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Thursday, October 11, 2007


I think of all the things required for building a writing career, I enjoy networking the most. I love learning about other people. I love to ask them questions about themselves and where they live. Our conversations might never even touch on writing. For me, it's the human connection.

A friend of mine once cautioned me about all my volunteering, knowing that it eats up a lot of my time. It's true. Donating time to help with a newsletter, a friend's website, a peer's critique or a group's live workshop is demanding on an already busy life with a fulltime career, but I truly believe it has helped me as a writer.

You know the common wisdom that says: Writers write. I also believe a good writer listens. That skill has improved my writing tremendously.

People sometimes mistakenly think that networking is about mingling with large groups of people (which I'm not good at). Networking can be as intimate as two people. For my money, it also works the best because that person has all my attention.

How can you network?

• Comment. Don't be shy about posting comments on other people's blogs, even if you don't know them well. I try to respond to anyone who posts here because I want them to feel welcomed and I want them to know their comments are appreciated.

• Participate in your writer loops. I am a profound lurker, but I do try to post if it's something that's important to me. Sometimes people are afraid someone might jump on them should they say something contrary to the party line. Yes, there are always THOSE people, but bear in my mind that most of us know they're cretins, so their inappropriate comments mean nothing.

• Take up an online workshop. I've formed friendships with a lot of people after meeting them in an online workshop. Not only will you learn something, but you'll meet kindred spirits.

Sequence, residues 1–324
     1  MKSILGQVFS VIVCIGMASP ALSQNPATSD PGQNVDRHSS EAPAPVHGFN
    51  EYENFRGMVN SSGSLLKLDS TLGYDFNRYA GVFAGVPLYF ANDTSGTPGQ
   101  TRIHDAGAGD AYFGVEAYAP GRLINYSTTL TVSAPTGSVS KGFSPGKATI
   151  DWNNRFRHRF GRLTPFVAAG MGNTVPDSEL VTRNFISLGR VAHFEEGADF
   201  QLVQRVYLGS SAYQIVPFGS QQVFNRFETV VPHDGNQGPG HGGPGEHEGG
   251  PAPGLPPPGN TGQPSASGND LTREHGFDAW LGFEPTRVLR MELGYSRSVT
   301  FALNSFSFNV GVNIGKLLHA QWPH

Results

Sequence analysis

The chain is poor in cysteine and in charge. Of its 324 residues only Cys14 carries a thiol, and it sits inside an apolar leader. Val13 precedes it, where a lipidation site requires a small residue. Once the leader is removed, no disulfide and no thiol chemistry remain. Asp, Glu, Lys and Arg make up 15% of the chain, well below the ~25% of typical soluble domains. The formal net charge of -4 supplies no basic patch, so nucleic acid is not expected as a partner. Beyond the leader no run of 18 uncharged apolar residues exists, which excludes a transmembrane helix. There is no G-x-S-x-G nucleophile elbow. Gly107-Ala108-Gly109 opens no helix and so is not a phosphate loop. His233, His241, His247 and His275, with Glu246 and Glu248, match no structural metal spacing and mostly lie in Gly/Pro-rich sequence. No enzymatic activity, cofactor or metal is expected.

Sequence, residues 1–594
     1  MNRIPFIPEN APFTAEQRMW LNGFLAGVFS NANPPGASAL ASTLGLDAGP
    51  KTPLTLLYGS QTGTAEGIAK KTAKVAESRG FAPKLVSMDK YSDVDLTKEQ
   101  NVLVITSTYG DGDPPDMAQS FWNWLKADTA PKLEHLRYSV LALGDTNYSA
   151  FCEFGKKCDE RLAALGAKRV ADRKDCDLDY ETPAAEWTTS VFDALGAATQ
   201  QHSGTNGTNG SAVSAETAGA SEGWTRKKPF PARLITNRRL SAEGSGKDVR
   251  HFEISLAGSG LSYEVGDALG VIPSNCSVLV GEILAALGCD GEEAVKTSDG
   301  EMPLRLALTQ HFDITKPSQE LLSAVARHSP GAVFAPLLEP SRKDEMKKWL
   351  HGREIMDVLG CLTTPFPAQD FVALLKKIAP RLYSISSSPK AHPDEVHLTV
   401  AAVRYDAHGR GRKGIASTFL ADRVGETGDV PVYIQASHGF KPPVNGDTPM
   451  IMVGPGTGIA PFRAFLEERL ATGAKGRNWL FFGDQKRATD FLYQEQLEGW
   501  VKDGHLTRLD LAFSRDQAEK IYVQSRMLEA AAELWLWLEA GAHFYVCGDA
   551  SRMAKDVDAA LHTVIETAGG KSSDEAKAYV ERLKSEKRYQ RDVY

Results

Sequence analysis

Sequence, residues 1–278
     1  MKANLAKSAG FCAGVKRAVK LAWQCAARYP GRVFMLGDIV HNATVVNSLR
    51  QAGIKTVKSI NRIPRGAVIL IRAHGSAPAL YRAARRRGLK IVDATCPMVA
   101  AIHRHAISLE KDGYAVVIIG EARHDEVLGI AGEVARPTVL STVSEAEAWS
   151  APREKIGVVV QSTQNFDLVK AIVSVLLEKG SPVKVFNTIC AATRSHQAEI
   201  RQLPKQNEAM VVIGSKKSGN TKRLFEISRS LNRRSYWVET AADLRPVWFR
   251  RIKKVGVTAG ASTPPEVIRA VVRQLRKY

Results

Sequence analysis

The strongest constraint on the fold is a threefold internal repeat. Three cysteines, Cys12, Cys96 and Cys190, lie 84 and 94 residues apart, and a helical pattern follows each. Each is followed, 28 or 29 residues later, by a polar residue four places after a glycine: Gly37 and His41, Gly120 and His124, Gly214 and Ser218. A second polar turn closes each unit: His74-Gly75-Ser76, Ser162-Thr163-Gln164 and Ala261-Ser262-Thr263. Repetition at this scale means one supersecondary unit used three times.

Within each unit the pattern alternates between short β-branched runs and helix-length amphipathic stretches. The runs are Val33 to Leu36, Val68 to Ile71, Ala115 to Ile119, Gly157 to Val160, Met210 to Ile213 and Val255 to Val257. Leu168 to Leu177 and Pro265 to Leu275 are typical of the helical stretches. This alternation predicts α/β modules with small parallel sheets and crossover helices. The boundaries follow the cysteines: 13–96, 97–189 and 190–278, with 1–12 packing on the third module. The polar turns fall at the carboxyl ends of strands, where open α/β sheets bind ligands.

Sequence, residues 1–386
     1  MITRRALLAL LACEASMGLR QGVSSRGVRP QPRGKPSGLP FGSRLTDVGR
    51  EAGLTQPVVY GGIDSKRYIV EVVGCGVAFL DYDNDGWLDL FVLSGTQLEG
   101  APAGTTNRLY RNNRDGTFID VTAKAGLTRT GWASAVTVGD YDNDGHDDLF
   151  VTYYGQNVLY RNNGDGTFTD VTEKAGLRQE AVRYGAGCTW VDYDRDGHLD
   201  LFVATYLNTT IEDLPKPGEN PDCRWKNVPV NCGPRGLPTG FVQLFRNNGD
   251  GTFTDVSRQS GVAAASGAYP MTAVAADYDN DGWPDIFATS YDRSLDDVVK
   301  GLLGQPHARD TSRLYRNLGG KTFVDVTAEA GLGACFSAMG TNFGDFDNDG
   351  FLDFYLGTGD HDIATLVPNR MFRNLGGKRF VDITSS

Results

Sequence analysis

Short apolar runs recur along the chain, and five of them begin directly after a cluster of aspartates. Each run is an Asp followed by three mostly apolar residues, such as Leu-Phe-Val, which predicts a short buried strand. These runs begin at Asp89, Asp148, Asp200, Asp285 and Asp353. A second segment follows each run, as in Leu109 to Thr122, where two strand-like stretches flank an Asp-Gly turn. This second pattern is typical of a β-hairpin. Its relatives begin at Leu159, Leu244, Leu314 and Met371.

• Write articles. If you have a particular expertise, pitch an article to your group's newsletter or other writing forums like: Vision: A Resource for Writers or Writers Finders.

• Critique. I can't begin to tell you how many worthwhile relationships I've formed from critiquing in a public forum. Plus, it's another learning boost for your writing.

• Volunteer at live events. Even if all you do is serve coffee, you'll meet people. Welcome them warmly. I've memorized the nametags of several people who did nothing more than greet me at the door and when I ran into problems with this or that, I emailed them afterwards. Not only were they able to help me (or refer me to someone who could) but it started a dialog between us. We were no longer strangers.

• Release your enthusiasm! People want to be around other people who are happy and content in their skins.

Remember that networking is not what you can get from other people. It's what you can give.


angeleque said...

What a great post. Thanks.

Networking is something I struggle with because of my shyness. It's hard to open myself up to others for a variety of reasons but something that I'm definitely working on.

Maria Zannini said...

Little steps are the best way to deal with shyness.

I like to think we (writers) are all in this together. Veteran or newbie, we all have pangs of insecurity, painful rejections, or days when we can't write a simple sentence. lol.

Thanks for stopping by, Angeleque!

rcloenen-ruiz said...

I had to smile reading your post, as I so recognize my own tendency to not speak that much when in a crowd.

Networking is a skill I do need to cultivate. It's not easy though.

Maria Zannini said...

Hi Rochita!

>>It's not easy though.

And yet, you're doing it right now. :o) Not so hard when you break it down in little chunks.

I don't claim any great skill in schmoozing. But I am genuinely interested in people and that's a great way to start.